Jack's sister, Mary, has a fetish of her own: she really likes nipple clamps. Her first boyfriend fled in horror at the thought, which made her feel pretty bad about herself, but lately she's taken up with Michael, who can't believe his luck at finding a girl who's willing, nay eager, to engage in something his previous girlfriends always refused point-blank to consider. Mary and Michael have their vanilla side as well, but when they're feeling kinky, out come the clamps.

One Friday night, all four of them are together at a family dinner. In passing, somebody at the table mentions kinky sex. None of the diners sit up and say, 'Oh yes, do you know what my favourite kink is?', because Auntie Susan's present and they don't want to shock her (unaware that ole Susie has a thing for dressing up as a naughty nurse who the kind-but-firm doctor just has to take in hand) - but in the privacy of their own minds, all of them think, 'Oh yes, kinky sex. That can be fun.'

But Jack's thinking, 'Kinky sex, that's right, that's bondage games and artistic poses.' Mary is thinking, 'Ah yes, kinky sex: masochism and sensation play.' Michael's thinking: 'Kinky sex, that means getting to enjoy your sadistic side in a consensual setting.' Jill's thinking, 'Kinky sex, oh the thrill of helplessness.' Susie and Uncle Henry, the lucky dog, are thinking, 'Ah yes, role play; those youngsters aren't as hip and revolutionary as they think.'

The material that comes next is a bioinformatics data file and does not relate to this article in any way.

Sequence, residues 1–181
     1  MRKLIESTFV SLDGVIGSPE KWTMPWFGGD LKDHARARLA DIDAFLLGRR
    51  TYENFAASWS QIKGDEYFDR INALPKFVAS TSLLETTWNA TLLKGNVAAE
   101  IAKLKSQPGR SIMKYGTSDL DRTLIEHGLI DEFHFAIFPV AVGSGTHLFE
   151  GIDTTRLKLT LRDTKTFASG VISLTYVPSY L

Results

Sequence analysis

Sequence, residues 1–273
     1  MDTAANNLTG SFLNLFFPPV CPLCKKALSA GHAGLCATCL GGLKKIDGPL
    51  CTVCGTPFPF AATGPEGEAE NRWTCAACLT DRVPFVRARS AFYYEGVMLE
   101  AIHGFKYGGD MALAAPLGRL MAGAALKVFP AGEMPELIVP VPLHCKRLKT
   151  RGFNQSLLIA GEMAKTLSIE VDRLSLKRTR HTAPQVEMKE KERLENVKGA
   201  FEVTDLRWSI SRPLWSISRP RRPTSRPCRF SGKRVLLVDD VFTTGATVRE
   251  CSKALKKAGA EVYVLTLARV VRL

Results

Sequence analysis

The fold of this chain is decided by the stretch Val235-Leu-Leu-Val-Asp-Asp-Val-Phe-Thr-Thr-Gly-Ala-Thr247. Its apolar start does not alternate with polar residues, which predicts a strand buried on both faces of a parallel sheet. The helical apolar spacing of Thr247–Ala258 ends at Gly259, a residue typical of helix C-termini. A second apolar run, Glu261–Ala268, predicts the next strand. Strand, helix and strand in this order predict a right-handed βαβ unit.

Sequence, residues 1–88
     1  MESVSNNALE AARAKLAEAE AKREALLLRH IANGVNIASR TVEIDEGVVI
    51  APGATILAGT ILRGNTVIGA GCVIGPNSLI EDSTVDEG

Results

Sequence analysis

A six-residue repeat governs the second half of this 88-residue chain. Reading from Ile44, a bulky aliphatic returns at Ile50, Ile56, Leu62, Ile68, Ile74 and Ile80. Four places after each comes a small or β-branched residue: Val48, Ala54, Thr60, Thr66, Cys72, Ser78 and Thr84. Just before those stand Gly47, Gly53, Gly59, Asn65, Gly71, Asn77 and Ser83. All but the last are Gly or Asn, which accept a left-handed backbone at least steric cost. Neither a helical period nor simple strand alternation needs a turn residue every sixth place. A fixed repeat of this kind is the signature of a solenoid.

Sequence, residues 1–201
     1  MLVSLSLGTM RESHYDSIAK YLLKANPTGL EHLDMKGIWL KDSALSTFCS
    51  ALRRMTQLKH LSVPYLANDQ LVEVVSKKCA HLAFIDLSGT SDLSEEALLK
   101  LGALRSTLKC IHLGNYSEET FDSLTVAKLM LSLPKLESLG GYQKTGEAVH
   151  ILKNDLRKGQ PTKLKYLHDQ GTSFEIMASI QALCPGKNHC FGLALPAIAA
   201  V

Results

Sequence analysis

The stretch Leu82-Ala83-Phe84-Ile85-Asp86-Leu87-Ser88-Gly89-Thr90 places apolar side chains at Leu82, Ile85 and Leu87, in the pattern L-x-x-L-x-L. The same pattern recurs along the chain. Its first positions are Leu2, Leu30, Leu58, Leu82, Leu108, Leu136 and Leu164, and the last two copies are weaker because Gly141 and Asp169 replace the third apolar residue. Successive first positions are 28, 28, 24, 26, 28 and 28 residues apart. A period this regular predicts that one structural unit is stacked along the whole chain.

The thing is, these couples are picturing completely different acts, and within those couples, the understanding of them is different. Mary's heard of silk scarves and Jack's heard of nipple clamps, but those are not the images that leap to their minds. Because when they hear the word 'kinky', they're thinking of non-mainstream, somewhat naughty sex - and exactly what that means to them is based on individual preference.

Now, my imaginary couples are all well-adjusted people who think sex is for fun, so they don't cringe when someone mentions the word 'kinky', they just twinkle at their beloveds when they think no one is looking. But let's consider the case of Ezekiel.